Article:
Transtorno de ansiedade generalizada e a Escala de Ansiedade de Hamilton na doença de Parkinson

Translated title of the contribution: Generalized anxiety disorder and the Hamilton Anxiety Rating Scale in Parkinson's disease

Arthur Kummer, Francisco Cardoso, Antonio Lucio Teixeira

Research output: Contribution to journalArticlepeer-review

55 Scopus citations

Abstract

Anxiety is common in Parkinson's disease (PD), but studies concerning specific anxiety disorders are scarce. Essential psychometric properties of anxiety rating scales are also lacking. Objective: To investigate general anxiety disorder (GAD) in PD and psychometric properties of the Hamilton Anxiety Rating Scale (Ham-A). Method: Ninety-one PD patients underwent neurological and psychiatric examination, which included the MINI-Plus, the Ham-A and the Hamilton Depression Rating Scale (Ham-D). Results: GAD was present in 30.8% of PD patients. Patients with GAD had longer disease duration (p=0.044) and were in use of higher doses of levodopa (p=0.034). They also tended to have more motor fluctuations and dyskinesias. The group with GAD scored higher in Ham-A (p<0.001), in the somatic (p=0.004) and psychic (p<0.001) subscales of Ham-A, and in Ham-D (p=0.004). The Ham-A showed good internal consistency (Cronbach's alpha=0.893) and a cutoff score of 10/11 is suggested to screen for GAD. Conclusion: GAD is frequent in PD and the Ham-A may be a useful instrument to screen for this disorder.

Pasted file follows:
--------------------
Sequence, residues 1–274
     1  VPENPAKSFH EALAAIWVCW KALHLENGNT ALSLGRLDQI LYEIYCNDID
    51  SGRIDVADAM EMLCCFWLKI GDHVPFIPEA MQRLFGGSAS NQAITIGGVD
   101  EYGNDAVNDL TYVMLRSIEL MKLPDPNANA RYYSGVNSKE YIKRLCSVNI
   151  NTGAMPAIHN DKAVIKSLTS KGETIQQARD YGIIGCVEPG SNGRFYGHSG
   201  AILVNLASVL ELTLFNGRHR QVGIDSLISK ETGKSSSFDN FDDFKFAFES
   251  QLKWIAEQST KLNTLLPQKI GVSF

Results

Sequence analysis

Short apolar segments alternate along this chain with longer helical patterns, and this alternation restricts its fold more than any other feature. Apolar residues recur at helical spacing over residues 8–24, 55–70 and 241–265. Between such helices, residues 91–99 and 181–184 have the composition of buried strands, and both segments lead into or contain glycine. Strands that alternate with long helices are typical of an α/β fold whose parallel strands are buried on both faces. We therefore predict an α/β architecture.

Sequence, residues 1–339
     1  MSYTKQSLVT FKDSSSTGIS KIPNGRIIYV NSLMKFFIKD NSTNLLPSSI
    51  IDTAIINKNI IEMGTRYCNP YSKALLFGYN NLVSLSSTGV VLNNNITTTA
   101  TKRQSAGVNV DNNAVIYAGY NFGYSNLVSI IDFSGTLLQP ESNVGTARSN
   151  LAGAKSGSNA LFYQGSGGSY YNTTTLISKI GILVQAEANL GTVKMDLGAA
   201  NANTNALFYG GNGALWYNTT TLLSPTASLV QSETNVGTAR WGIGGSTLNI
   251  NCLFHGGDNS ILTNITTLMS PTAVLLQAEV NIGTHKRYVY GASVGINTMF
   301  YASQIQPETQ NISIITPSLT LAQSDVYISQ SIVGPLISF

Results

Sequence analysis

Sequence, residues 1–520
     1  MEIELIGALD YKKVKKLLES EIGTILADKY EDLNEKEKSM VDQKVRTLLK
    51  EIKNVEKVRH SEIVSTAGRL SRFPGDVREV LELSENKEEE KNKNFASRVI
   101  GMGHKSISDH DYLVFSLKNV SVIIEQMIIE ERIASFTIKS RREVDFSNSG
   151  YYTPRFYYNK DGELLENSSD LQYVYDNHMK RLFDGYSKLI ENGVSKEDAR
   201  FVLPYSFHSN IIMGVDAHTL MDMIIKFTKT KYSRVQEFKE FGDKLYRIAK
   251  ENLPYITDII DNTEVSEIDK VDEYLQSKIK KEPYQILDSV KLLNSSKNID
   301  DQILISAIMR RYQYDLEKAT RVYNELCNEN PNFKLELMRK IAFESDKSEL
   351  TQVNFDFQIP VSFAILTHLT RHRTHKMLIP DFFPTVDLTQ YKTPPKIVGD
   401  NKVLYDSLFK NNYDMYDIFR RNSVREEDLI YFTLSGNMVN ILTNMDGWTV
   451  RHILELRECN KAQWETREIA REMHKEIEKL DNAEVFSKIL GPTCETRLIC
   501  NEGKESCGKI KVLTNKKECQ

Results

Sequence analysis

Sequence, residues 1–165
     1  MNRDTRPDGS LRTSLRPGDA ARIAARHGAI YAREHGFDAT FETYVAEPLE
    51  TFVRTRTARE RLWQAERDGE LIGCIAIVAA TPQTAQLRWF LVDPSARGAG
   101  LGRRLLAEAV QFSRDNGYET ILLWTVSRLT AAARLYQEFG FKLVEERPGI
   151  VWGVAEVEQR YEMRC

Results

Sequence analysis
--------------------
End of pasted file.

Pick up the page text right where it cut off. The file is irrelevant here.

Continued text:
Translated title of the contributionGeneralized anxiety disorder and the Hamilton Anxiety Rating Scale in Parkinson's disease
Original languagePortuguese
Pages (from-to)495-501
Number of pages7
JournalArquivos de neuro-psiquiatria
Volume68
Issue number4
DOIs
StatePublished - Aug 2010
Externally publishedYes

Keywords

  • Anxiety
  • Clinimetrics
  • Generalized anxiety disorder
  • Parkinson's disease
  • Psychometrics
  • Rating scales

ASJC Scopus subject areas

  • Clinical Neurology
  • Biological Psychiatry

Fingerprint

Dive into the research topics of 'Generalized anxiety disorder and the Hamilton Anxiety Rating Scale in Parkinson's disease'. Together they form a unique fingerprint.

Cite this